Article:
This is the cry of a person in physical and emotional distress, whose hope and help remains only in God and is nowhere found in self or the world. They are desperate, for they have reached the end of their abilities, have exhausted their resources and have nothing left. They are hopeless and helpless, on the verge of depression and complete emotional breakdown.

Arisemeans to stand, to come upon the scene, and also means to confirm, ratify and establish. Again, the writer uses God’s proper name of because of their intimate relationship. He could be saying “Stand up, God, and impose Yourself. Show Yourself mighty and able to protect.” His cry is for God to save and liberate Him from those who hate and revile Him and give Him victory over their rebellion.

Jesus prayed in a garden on the night He was betrayed. He took with Him His closest friends, eleven of the disciples. Judas was not there for he left earlier to betray Jesus and gather those who would ultimately murder Him. Jesus asked His remaining disciples to stay awake and pray with Him. They did not stay awake and pray because they were sleepy. It was the middle of the night, the time to sleep. They did not have the discipline to stay awake even a short time. Plus, they were under spiritual attack. “And he came to the disciples and found them sleeping. And he said to Peter, ‘So, could you not watch with me one hour? Watch and pray that you may not enter into temptation. The spirit indeed is willing, but the flesh is weak’” (Matthew 26:40-41 ESV; see Mark 14:7, Luke 22:45). His mild rebuke could not keep them awake for they fell asleep again as soon as He walked away to pray.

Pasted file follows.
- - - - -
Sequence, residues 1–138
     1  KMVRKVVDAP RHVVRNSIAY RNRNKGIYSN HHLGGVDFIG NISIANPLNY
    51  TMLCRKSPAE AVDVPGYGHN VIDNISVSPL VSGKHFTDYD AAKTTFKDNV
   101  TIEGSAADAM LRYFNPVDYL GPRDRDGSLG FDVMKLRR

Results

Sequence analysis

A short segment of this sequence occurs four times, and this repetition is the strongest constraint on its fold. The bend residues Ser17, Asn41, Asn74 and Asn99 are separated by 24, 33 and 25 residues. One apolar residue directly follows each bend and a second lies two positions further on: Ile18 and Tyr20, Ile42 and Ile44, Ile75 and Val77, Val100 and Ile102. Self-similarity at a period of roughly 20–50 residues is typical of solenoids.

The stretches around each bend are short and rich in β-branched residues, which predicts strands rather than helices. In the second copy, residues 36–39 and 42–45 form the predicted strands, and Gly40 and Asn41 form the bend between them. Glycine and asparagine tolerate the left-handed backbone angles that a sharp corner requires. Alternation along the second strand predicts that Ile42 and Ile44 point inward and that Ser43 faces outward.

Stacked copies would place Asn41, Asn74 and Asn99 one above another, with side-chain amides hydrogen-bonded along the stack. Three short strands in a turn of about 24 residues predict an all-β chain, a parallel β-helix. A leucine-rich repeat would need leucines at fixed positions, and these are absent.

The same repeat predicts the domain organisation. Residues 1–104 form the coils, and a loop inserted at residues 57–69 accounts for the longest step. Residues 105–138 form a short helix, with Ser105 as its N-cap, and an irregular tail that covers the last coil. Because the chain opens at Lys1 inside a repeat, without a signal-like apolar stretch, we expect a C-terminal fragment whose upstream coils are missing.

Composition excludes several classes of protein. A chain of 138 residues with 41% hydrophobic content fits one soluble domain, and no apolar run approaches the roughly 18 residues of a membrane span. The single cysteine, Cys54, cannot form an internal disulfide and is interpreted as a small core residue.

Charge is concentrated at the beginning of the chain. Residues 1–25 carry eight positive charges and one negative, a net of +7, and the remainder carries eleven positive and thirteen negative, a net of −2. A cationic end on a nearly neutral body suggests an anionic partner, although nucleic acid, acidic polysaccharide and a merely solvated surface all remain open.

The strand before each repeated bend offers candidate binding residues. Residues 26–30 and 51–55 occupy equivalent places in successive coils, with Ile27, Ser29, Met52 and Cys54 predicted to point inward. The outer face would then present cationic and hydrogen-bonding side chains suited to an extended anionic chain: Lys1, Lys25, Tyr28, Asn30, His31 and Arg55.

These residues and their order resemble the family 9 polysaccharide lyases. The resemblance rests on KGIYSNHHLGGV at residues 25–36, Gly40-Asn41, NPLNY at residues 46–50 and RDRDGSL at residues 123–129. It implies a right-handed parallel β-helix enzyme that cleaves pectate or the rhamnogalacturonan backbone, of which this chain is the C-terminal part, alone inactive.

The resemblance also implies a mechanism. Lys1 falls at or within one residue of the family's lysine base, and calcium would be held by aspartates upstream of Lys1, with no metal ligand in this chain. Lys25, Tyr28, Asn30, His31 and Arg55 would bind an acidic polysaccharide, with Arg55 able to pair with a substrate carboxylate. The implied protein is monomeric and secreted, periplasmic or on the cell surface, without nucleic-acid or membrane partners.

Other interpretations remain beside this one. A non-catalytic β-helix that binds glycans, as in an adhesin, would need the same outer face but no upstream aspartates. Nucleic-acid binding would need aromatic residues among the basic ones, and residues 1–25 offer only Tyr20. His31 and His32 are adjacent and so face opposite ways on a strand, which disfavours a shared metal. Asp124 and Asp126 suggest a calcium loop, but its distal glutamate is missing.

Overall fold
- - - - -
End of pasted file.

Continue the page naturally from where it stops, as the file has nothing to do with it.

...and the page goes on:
What was Jesus praying? Jesus felt anxiety as He faced crucifixion. From eternity, before Jesus’ incarnation, He knew this historical moment would come. He knew what He had already decided to do and its outcome.

And he withdrew from them about a stone’s throw, and knelt down and prayed, saying, “Father, if you are willing, remove this cup from me. Nevertheless, not my will, but yours, be done.” And there appeared to him an angel from heaven, strengthening him. And being in agony he prayed more earnestly; and his sweat became like great drops of blood falling down to the ground.(Luke 22:41-44 ESV)

Jesus knew, in His nature as a true man, His servant nature, that He was going to be tortured to death. It is not death which causes fear but the manner in which a person dies. He felt agony,which is severe mental and emotional anguish, a struggle for victory, because He knew the cost. He sweated huge drops as He wrestled with the knowledge of emanate torture and death. Did He need more strength than He already had? Luke tells us an angel appeared from heaven to strengthen him. Jesus was truly Man the way God intended and God in flesh. He did not sin but experienced all of the emotional and moral tugs and pulls of the flesh.

Then Judas, the disciple and friend of Jesus, arrived with a band of soldiers to arrest Him.

Jesus was not afraid to walk to His death because He knew the resurrection followed. Jesus finished what He started because of His love for God and for those He created in His image.

For this reason the Father loves me, because I lay down my life that I may take it up again. No one takes it from me, but I lay it down of my own accord. I have authority to lay it down, and I have authority to take it up again. This charge I have received from my Father. (John 10:17-18 ESV)